“Statistics indicate that 2.6 million Malaysians under the age of 30 are diabetic. If left untreated, patients will face various complications such as heart disease, kidney failure, blindness and amputation. In relation to this, the government proposes to abolish the sugar subsidy of 34 sen effective 26 October 2013. I urge all Malaysians to take care of their health and reduce sugar in your food and drinks.” Said by Prime Minister of Malaysia, Datuk Seri Najib Tun Razak during the budget speech.
A subsidy is a grant given to lower the price of a good. It is a part of government policies to alter the behavior of businesses and consumers.
From the Figure 1, it shows the prevalence of diabetes in adults in the world and Malaysia. As we clearly see that adults in Malaysia are more involves in diabetes diseases compare to the world average. Therefore, this is a good reason for Prime Minister of Malaysia to cutting off the subsidy on sugar to reduce the consumption of sugar and promote a healthy lifestyle. As we can see that, the health of the citizens was the Prime Minister’s main concern by cutting off subsidy on sugar. By the way, he also believes that cutting off subsidy of sugar is also good for economic growth. Therefore, I strongly agree that cutting off subsidy on sugar is a good way to pump our economic and it’s also to educate people to avoid over-consumption of sugar which will also lead to other diseases, like obesity and heart disease.
Surprisingly, Malaysia is the only country with a sugar subsidy and this policy commenced in 2009. At the first place, the purpose of the policy is to sustain the sugar price at the current level and to reduce the burden of the targeted people especially the poor. However, as the time past, the government reduces the sugar subsidy by several times among the years (as shown in Table 1) to combat diabetes among Malaysians.
According to Elias Soukiazis and Túlio Cravo (2007), they argued that good health raises the levels of human capital, helps to improve the levels of schooling and education performance, increases labour productivity (reduces incapacity, debility, and days lost because of sick leave) and that all these are beneficial to economic growth in their discussion paper and the result they obtain is that health status are important factors for generating higher income and then it is important factor inputs in growth equations and cannot be omitted. However, it only relevant in apply to the intermediate and lower income country. Besides that, Mankiw, Romer, and Weil (1992) state that the importance of considering not only education, but also health and nutrition as conditioning factors to growth.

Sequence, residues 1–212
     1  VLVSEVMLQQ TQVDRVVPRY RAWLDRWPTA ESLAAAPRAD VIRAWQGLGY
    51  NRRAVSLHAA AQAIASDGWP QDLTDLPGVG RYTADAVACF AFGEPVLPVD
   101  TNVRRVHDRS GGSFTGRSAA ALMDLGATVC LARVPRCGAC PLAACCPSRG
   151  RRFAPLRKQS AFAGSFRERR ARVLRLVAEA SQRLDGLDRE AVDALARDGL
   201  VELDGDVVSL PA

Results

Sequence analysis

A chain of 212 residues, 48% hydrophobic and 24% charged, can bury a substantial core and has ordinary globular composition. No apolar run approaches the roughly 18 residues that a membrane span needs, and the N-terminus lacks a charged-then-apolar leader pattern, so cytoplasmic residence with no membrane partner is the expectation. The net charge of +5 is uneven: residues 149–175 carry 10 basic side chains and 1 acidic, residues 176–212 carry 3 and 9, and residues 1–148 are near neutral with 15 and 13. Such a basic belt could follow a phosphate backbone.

On the other hand, cutting off subsidy of sugar is also good for economic growth. From Table 2, we can see that there are huge amount of subsidy, which is around RM2000 million was allocated for sugar. By abolish the sugar subsidy, the government may also subsidize on other commodities which are more important and essential such as petrol, health and education. The move is also to enable Malaysia to shrink its deficit and boost its economy and development. For example, 1 Malaysia program.
According to Prime Minister of Malaysia, he has focused on expanding measures such as BR1M, which gives cash directly to those poorer families in need as aimed to increase the BR1M aid from RM500 to RM1,200 for households and from RM250 to RM600 for single people. BR1M also serves as a clever way to boost growth, because poorer households tend to spend their cash hand-outs, whereasricher households tend to save extra income. Beside BR1M, other 1 Malaysia program like book voucher at RM250 for university students and this would be a significant help to local university students. Moreover, The Student Assistance program amounting to RM100 and this is a significant help in terms of alleviating the burden of parents with school-going children.
However, according to University of Malaya's Centre for Poverty and Development Studies Director Assoc. Prof Fatimah Kari, she opined that the government should gradually abolish the BR1M as in the long run, it would not help to eradicate poverty. Indeed, a one-off RM650 cash aid cannot help much. After the money is spent, the household income would remain low and the BR1M could only meet their immediate need, but not a long-term poverty eradication program.
Even though sugar price increases almost every year, the increase in sugar price in Malaysia is considered reasonable and affordable as compared to other countries like Indonesia and Singapore. Countries like the Philippines, Indonesia and Thailand have a per capita income that is lower than Malaysia yet they pay more for their sugar.
By the way, sugar should be sold at its market price because, tt is not a basic necessity and its consumption is most harmful to one’s health. With the total withdrawal of subsidy, the price of sugar will increase by 80 sen per kilogram but this should not lead to a drastic increase in the price of sugar-based food and drinks.
In sum, subsidy may be a good move to control the way businesses and consumers behave in response to the economic changes. However, subsidy is an expense to the government. Because of higher demand for sugar, government has to allocate more subsidies on higher unit of production. So, it makes sense that the government is trying to rationalize the sugar subsidy. In order to rationalize subsidy, a long revision and adjustment should be made. It may take a long time to abolish the sugar subsidy because it has to be done periodically, by steps and not to shock the consumers.